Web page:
Speech and Debate Camp

  1. They can count
  2. Are as smart as some apes and the three year old human
  3. Can tell big dots from little dots
  4. Can tell far away from close up
  5. Have amazing hunting instinct
  6. Jennifer Vonk-Oakland University
  7. Michael J Beran-Geologist
  8. A book written by Gordon R. Dickson about the cause to arm bears. Three and a half stars out of five. Is on goodreads.  
  9. Grizzlies are excessively over hunted by humans, and now there are less than 1,500 grizzlies left in the United States south of Canada
  10. Black bears have killed 61 people across North America since 1900.


Have you ever heard the right to bear arms? Well, what about the right to arm bears? There are bearly any more bears left in North America. The most deadly bear in North America is the black bear, and do you know how many people this deadly has killed in the past 116 ½ years. Come on, make a guess. the black bear has only killed 61 people since the 1900s. And it was completely the humans fault. You may think bears are stupid dangerous animals, but they are actually smart animals with big loving hearts. Some bears are as smart as apes, and even 3 year old human beings. They can count, tell far away from close up, can tell big dots from little dots, and have amazing hunting instinct. Bears were proven to be smarter then we think by Jennifer Vonk of Oakland University, and Michael J Beran. a Geologist. There was a book written by Gordon R. Dickson about the cause to arm bears. This amazing book got three and a half stars out of five stars. This astonishingly good book is on goodreads. Do you want to hear a sad fact? I bet you do. Grizzlies are excessively over hunted by humans, and now there are less than 1,500 grizzlies left in the United States south of Canada. Now I am going to talk about polar bear population. These amazing white angles are disappearing quickly.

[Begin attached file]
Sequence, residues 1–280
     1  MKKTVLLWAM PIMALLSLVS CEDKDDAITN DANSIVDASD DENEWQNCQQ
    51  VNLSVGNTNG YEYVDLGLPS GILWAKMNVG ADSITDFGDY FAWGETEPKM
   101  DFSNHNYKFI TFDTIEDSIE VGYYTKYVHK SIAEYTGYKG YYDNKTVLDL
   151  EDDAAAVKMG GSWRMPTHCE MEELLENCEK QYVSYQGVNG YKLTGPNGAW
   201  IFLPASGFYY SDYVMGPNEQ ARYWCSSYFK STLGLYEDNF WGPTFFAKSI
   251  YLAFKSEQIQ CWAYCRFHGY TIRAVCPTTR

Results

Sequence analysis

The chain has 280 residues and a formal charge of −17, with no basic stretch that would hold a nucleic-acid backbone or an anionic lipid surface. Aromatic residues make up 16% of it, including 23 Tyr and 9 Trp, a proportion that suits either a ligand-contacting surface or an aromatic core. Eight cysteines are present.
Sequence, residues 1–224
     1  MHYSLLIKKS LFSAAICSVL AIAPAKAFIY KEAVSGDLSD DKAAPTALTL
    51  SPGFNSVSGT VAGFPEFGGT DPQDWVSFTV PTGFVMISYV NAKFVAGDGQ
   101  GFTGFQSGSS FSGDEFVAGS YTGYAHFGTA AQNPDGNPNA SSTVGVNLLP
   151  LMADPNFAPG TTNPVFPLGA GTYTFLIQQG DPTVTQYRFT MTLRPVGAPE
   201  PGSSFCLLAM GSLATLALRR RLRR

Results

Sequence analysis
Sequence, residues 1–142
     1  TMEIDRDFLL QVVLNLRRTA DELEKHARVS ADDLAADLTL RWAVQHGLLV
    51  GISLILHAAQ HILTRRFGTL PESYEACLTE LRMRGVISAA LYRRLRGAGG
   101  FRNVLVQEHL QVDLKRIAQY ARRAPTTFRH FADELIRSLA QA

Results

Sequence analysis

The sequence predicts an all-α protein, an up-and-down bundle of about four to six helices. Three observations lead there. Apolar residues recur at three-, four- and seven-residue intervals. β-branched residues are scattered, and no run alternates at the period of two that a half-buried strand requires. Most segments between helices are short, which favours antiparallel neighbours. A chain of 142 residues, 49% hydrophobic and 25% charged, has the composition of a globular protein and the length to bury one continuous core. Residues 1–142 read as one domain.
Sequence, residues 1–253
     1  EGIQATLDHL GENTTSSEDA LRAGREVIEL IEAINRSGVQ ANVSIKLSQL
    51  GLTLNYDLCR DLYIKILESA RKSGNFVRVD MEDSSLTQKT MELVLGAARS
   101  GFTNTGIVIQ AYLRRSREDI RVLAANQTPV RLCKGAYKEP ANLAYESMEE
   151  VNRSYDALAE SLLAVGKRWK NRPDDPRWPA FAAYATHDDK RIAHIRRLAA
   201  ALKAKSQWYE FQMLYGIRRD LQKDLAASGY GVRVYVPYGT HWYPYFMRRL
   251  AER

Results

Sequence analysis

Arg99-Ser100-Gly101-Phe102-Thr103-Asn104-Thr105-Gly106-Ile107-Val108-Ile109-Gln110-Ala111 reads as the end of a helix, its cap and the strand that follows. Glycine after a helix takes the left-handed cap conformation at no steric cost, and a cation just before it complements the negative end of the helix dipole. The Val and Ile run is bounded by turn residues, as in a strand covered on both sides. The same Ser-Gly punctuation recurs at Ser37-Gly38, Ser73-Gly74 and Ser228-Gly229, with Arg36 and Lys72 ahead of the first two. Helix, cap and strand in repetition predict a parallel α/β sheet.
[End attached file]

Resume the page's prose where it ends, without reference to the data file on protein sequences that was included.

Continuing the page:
Before 1973

Several polar bear populations were decimated by unsustainable hunting by European, Russian and American hunters and trappers from the 1600s right through to the mid-1970's.


Canada, the United States, Denmark, Norway and the former USSR signed the International Agreement on the Conservation of Polar Bears and their Habitat, strictly regulating commercial hunting.

The US Government classified the Polar Bear under its Endangered Species Act (ESA).


The polar bear was upgraded from Least Concern to Vulnerable By the  IUCN Polar Bear Specialist Group.


Ministers and other leaders from the five polar bear range states met in Moscow for the first International Forum on Polar Bear Conservation. The leaders made significant commitments to address issues of polar bear habitat, research and trade. This event was supported by WWF.


Today, polar bears are among the few large carnivores that are still found in roughly their original habitat and range--and in some places, in roughly their natural numbers.

Although most of the world's 19 populations have returned to healthy numbers, there are differences between them. Some are stable, some seem to be increasing, and some are decreasing due to various pressures.

Status of the polar bear populations in 2014

Some populations are still hunted quite heavily, and their status is uncertain.

In the future

By 2040, scientists predict that only a fringe of ice will remain in Northeast Canada and Northern Greenland when all other large areas of summer ice are gone. This "Last Ice Area" is likely to become important for polar bears and other life that depends on ice.

According to a 2015 study, polar bears are already beginning to move towards the Last Ice Area in response to reduced ice in the southern part of Canada's Arctic archipelago.

A projection of sea ice in the archipelago, supported by WWF, shows that much of the region is facing significant ice loss in the coming decades - with potentially serious consequences for polar bears.

Global polar bear numbers are projected to decline by 30% by 2050.

 our bearity